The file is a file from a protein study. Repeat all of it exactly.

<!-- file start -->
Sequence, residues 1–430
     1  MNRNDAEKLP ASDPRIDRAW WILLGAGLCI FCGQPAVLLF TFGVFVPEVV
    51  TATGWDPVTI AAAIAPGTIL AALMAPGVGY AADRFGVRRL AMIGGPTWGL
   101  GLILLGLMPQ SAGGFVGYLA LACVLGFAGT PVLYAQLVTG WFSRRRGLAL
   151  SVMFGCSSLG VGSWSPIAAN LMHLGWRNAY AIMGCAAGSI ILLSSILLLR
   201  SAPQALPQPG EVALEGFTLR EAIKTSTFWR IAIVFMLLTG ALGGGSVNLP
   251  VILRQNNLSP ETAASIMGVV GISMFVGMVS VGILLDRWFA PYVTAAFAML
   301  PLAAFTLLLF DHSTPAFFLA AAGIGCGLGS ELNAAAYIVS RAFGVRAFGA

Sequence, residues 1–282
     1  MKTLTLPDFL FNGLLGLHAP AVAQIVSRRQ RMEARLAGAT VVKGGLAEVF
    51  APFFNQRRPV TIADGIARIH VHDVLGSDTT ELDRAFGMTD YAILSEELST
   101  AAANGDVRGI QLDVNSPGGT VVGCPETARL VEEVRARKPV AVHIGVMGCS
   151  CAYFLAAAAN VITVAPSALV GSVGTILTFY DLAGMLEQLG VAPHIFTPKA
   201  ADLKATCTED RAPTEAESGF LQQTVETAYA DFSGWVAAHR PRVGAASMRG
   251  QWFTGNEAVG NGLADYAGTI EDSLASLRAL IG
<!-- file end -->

Sequence, residues 1–430
     1  MNRNDAEKLP ASDPRIDRAW WILLGAGLCI FCGQPAVLLF TFGVFVPEVV
    51  TATGWDPVTI AAAIAPGTIL AALMAPGVGY AADRFGVRRL AMIGGPTWGL
   101  GLILLGLMPQ SAGGFVGYLA LACVLGFAGT PVLYAQLVTG WFSRRRGLAL
   151  SVMFGCSSLG VGSWSPIAAN LMHLGWRNAY AIMGCAAGSI ILLSSILLLR
   201  SAPQALPQPG EVALEGFTLR EAIKTSTFWR IAIVFMLLTG ALGGGSVNLP
   251  VILRQNNLSP ETAASIMGVV GISMFVGMVS VGILLDRWFA PYVTAAFAML
   301  PLAAFTLLLF DHSTPAFFLA AAGIGCGLGS ELNAAAYIVS RAFGVRAFGA

Sequence, residues 1–282
     1  MKTLTLPDFL FNGLLGLHAP AVAQIVSRRQ RMEARLAGAT VVKGGLAEVF
    51  APFFNQRRPV TIADGIARIH VHDVLGSDTT ELDRAFGMTD YAILSEELST
   101  AAANGDVRGI QLDVNSPGGT VVGCPETARL VEEVRARKPV AVHIGVMGCS
   151  CAYFLAAAAN VITVAPSALV GSVGTILTFY DLAGMLEQLG VAPHIFTPKA
   201  ADLKATCTED RAPTEAESGF LQQTVETAYA DFSGWVAAHR PRVGAASMRG
   251  QWFTGNEAVG NGLADYAGTI EDSLASLRAL IG